Guide Dogs NSW/ACT held their Wet Nose Day in Centennial Park on Sunday and Double Bay Vet Clinic was there to support a great cause, offering free dental health check ups, behaviour training and healthcare advice to pet owners.
The day was a great success, with hundreds of dog owners enjoying a variety of entertainment that ranged from the fun face painting for kids, to the educational blindfold maze which was used to simulate the conditions visually impaired people have to handle each day.
There were also inspirational talks from a range of local celebrities including Emma Freedman and star of Bondi Vet, Dr Lisa Chimes.
The guide dogs have one of the most rigorous training programs of any work dogs. This is understandable given the variety and subtly of the work that a guide dog has to undertake reliably each day.
They are placed with puppy carers from eight weeks of age and then, after being carefully nurtured and gently trained, they enter guide dog boot camp at 14 months.
The day they leave the puppy carers to go back to Guide Dogs is a big day for everyone. It’s hard for some to say goodbye after looking after the dogs from eight weeks of age for a full year. The carers watch them grow from the fluffy balls of puppy fun into adult dogs, teaching them good habits along the way.
No wonder they call this day “Tissue Day!” (I don’t think one of us here at the clinic could do it!)
A huge amount of time, money and effort is put in to training each dog. In fact, it takes $30,000 to train just one dog! Amazing eh?
Another interesting fact we didn’t know was that for every 10 puppies that start the training program, only five actually make it through.
Apparently one of the most common things is lack of ability to concentrate. For example, a dog that can’t control itself when it sees another dog or a bird would be a big problem. So if these natural urges can’t be managed then the training doesn’t go further.
Those that do make it go on to add tremendous value to their visually impaired owners.
And don’t worry, for those excitable eddies that don’t make the grade, life isn’t all bad. Any dog that fails is re-homed. And guess who gets first refusal? You got it – the puppy carers.
Having had the pleasure of speaking with quite a few of them last weekend, we’re sure some have secretly got their fingers crossed that their young charge gets to come home. (Though we’re in no doubt that they all take immense pride in seeing their pups become amazing Guide Dogs.)
Talking at the event, Double Bay’s Dr Dave Nicol said, “We’re delighted to be able to support the Guide Dogs. The work they do is amazing and to see so many of their supporters, puppy careers and trainers here today, you really get a feel for the scope of what they have to achieve.”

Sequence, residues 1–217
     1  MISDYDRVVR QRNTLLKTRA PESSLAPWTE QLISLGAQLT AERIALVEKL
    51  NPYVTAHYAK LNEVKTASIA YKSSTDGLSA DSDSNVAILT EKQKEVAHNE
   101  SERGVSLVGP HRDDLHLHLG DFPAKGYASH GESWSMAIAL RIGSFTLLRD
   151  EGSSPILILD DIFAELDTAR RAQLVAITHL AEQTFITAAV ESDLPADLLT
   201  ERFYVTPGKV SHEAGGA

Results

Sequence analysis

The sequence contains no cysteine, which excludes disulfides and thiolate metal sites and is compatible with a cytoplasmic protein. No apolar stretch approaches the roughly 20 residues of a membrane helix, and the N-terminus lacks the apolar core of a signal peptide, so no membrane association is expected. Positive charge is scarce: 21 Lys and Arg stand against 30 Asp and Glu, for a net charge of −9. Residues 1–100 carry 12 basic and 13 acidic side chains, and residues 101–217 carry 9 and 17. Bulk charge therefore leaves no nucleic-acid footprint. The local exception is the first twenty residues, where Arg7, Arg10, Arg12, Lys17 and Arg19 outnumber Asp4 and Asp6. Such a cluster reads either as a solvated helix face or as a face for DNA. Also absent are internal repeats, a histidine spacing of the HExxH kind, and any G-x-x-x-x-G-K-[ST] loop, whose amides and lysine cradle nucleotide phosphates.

Guide Dog Etiquette
And so to round off today’s blog. Do you know how to approach and interact with a guide dog? If not then here’s the etiquette guide direct from their website.
It takes a lot of concentration for a person who has impaired vision to work safely with a Guide Dog. To help this team focus on its important work, please follow these tips:
• The Guide Dog must not be the centre of attention. Please don’t pat, feed or otherwise distract the dog when it is working. A well-intentioned pat can undo months of training.
• Please don’t grab the person or the dog’s harness. First ask if they need assistance. Learn more about guiding etiquette.
• When you provide guiding assistance, please walk on the person’s opposite side to the Guide Dog.
• Please make sure your pet dog is on a leash or under control around a Guide Dog. When approaching, it may be polite to let the person know that you have a dog.
• If you see a loose dog, please contact the local council.
• According to government legislation, you must allow a Guide Dog to go anywhere that the person using it can go.
How should a Guide Dog behave around me?
• The Guide Dog should be well behaved at all times, and settled when not working.
• When working, the Guide Dog should avoid temptations such as begging for food, drooling and chewing objects around them.
• The Guide Dog should respond to the user’s commands to maintain its concentration.
• The Guide Dog should be clean, groomed and free of offensive odours.
People who use Guide Dogs have been trained in the most effective ways to control their dog’s behaviour, so please only provide assistance if requested.
Support an Amazing Organisation
We had a great day out, met some amazing pets and people and we checked up the teeth of lots and lots of dogs. Thanks to Guide Dogs for having us, and keep up the good work. See you next time.
And don’t forget that Guide Dogs NSW/ACT do not receive any government funding. So if you want to sponsor a puppy then click on this link. You’ll be glad that you did.